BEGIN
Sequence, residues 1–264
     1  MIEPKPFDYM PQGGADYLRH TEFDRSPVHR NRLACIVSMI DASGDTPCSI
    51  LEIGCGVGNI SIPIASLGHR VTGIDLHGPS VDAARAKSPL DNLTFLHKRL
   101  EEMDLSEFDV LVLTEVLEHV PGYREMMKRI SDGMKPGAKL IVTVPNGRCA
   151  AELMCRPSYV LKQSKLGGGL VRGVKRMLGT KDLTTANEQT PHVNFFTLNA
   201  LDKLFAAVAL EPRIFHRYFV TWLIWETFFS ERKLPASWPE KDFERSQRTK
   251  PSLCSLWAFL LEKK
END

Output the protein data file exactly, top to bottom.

Sequence, residues 1–264
     1  MIEPKPFDYM PQGGADYLRH TEFDRSPVHR NRLACIVSMI DASGDTPCSI
    51  LEIGCGVGNI SIPIASLGHR VTGIDLHGPS VDAARAKSPL DNLTFLHKRL
   101  EEMDLSEFDV LVLTEVLEHV PGYREMMKRI SDGMKPGAKL IVTVPNGRCA
   151  AELMCRPSYV LKQSKLGGGL VRGVKRMLGT KDLTTANEQT PHVNFFTLNA
   201  LDKLFAAVAL EPRIFHRYFV TWLIWETFFS ERKLPASWPE KDFERSQRTK
   251  PSLCSLWAFL LEKK